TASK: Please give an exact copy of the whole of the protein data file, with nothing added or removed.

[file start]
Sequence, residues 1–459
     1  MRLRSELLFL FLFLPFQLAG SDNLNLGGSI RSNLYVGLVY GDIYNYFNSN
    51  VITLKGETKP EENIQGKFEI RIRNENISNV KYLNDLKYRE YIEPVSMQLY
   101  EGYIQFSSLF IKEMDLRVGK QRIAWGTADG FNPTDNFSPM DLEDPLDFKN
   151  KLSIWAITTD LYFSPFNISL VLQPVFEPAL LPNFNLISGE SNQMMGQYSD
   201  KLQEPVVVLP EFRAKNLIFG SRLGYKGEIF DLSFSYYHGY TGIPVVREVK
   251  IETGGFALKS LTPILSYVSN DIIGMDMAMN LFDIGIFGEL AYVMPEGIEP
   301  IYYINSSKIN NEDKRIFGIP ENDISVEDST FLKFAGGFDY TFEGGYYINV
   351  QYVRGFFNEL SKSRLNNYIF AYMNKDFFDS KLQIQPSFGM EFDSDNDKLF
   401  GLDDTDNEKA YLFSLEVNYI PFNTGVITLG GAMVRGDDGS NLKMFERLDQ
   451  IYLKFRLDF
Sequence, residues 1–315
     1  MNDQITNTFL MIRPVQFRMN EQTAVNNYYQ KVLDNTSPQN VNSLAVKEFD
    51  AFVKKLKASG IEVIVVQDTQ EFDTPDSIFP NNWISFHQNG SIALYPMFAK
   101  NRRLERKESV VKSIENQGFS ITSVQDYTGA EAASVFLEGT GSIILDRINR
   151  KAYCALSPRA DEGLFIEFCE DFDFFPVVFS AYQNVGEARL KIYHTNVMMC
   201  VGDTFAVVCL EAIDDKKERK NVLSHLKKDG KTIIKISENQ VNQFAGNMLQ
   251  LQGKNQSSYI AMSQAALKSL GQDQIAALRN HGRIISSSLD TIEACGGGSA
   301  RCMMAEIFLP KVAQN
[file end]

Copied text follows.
Sequence, residues 1–459
     1  MRLRSELLFL FLFLPFQLAG SDNLNLGGSI RSNLYVGLVY GDIYNYFNSN
    51  VITLKGETKP EENIQGKFEI RIRNENISNV KYLNDLKYRE YIEPVSMQLY
   101  EGYIQFSSLF IKEMDLRVGK QRIAWGTADG FNPTDNFSPM DLEDPLDFKN
   151  KLSIWAITTD LYFSPFNISL VLQPVFEPAL LPNFNLISGE SNQMMGQYSD
   201  KLQEPVVVLP EFRAKNLIFG SRLGYKGEIF DLSFSYYHGY TGIPVVREVK
   251  IETGGFALKS LTPILSYVSN DIIGMDMAMN LFDIGIFGEL AYVMPEGIEP
   301  IYYINSSKIN NEDKRIFGIP ENDISVEDST FLKFAGGFDY TFEGGYYINV
   351  QYVRGFFNEL SKSRLNNYIF AYMNKDFFDS KLQIQPSFGM EFDSDNDKLF
   401  GLDDTDNEKA YLFSLEVNYI PFNTGVITLG GAMVRGDDGS NLKMFERLDQ
   451  IYLKFRLDF
Sequence, residues 1–315
     1  MNDQITNTFL MIRPVQFRMN EQTAVNNYYQ KVLDNTSPQN VNSLAVKEFD
    51  AFVKKLKASG IEVIVVQDTQ EFDTPDSIFP NNWISFHQNG SIALYPMFAK
   101  NRRLERKESV VKSIENQGFS ITSVQDYTGA EAASVFLEGT GSIILDRINR
   151  KAYCALSPRA DEGLFIEFCE DFDFFPVVFS AYQNVGEARL KIYHTNVMMC
   201  VGDTFAVVCL EAIDDKKERK NVLSHLKKDG KTIIKISENQ VNQFAGNMLQ
   251  LQGKNQSSYI AMSQAALKSL GQDQIAALRN HGRIISSSLD TIEACGGGSA
   301  RCMMAEIFLP KVAQN